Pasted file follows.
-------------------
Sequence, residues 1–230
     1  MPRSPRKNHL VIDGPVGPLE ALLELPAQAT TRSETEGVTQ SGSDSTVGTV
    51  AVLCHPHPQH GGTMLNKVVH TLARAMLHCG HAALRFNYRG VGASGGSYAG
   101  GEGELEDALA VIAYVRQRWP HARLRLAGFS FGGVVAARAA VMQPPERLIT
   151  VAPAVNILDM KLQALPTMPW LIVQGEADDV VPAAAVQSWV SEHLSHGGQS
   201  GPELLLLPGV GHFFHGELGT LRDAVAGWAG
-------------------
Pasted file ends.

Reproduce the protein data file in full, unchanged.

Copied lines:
Sequence, residues 1–230
     1  MPRSPRKNHL VIDGPVGPLE ALLELPAQAT TRSETEGVTQ SGSDSTVGTV
    51  AVLCHPHPQH GGTMLNKVVH TLARAMLHCG HAALRFNYRG VGASGGSYAG
   101  GEGELEDALA VIAYVRQRWP HARLRLAGFS FGGVVAARAA VMQPPERLIT
   151  VAPAVNILDM KLQALPTMPW LIVQGEADDV VPAAAVQSWV SEHLSHGGQS
   201  GPELLLLPGV GHFFHGELGT LRDAVAGWAG